Anecdotes of the 6th Regiment

of Maryland Infantry

 

 

After the surrender of the Army of Northern Virginia at Appomattox, some units of the Army of the Potomac were sent south to deal with the remaining Confederate Army in the field - General Joe Johnston's. My great grandfather's pension application states that the march to Danville was a forced march of 110 miles carrying 40 rounds of ammunition and eight days rations and I assume full field gear. They made it in 4 days and 4 hours. Now that's an afternoon stroll. Jim Fisher - gg grandson of Sandford Fisher, Pvt. Co. D.

 

 

William A. McKellip, a native of Taneytown, was directly responsible for the formation of Company A, Sixth Regiment Infantry, Maryland Volunteers and assisted with the organization of companies C and F of the same regiment. He was commissioned a lieutenant and advanced rapidly to captain, major and finally to Lieutenant Colonel of the Sixth. In 1862, the regiment was in need of better arms. Col. McKellip and Governor Hicks went to Washington and obtained an interview with the President. The result was the following note written on the back of the President's personal card:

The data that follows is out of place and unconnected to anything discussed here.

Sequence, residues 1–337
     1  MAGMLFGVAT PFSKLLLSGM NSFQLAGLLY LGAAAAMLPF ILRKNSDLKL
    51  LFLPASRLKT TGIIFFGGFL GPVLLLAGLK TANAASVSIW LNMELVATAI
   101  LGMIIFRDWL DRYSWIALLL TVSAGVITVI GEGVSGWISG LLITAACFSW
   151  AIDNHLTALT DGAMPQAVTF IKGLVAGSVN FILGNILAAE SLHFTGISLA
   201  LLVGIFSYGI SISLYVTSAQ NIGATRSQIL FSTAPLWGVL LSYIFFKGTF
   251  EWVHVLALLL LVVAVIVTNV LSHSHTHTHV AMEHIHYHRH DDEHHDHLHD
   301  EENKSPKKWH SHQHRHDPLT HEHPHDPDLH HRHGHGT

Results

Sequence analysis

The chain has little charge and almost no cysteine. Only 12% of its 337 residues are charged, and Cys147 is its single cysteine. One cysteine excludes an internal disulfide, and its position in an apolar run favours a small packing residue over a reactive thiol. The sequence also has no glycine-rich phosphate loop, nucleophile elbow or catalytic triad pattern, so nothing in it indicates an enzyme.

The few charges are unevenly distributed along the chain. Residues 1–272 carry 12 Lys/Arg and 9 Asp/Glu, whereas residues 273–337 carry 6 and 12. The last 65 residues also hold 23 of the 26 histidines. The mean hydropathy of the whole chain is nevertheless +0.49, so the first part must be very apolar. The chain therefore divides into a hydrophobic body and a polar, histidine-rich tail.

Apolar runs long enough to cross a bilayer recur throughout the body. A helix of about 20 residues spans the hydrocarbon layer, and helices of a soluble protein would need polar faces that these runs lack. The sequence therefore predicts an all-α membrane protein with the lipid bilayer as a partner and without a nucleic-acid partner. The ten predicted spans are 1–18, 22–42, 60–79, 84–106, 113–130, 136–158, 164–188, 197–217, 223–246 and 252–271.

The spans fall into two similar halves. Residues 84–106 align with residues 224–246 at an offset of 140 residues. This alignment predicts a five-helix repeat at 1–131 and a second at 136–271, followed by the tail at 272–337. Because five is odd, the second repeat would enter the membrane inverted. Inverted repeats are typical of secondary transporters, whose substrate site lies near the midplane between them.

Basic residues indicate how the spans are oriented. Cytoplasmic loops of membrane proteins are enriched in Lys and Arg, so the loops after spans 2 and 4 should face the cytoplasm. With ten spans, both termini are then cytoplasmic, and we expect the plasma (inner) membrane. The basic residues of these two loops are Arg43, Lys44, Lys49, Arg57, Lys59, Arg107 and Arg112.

"Secretary of War:
Please give bearer, Major McKellip,
of the 6th Maryland Regiment, the
best arms possible, and oblige.

A. LINCOLN."

 

Col. McKellip served with his regiment through the Virginia campaign and was wounded as a result of an exploding magazine at Maryland Heights. This disablement rendered him unfit for service and he was retired.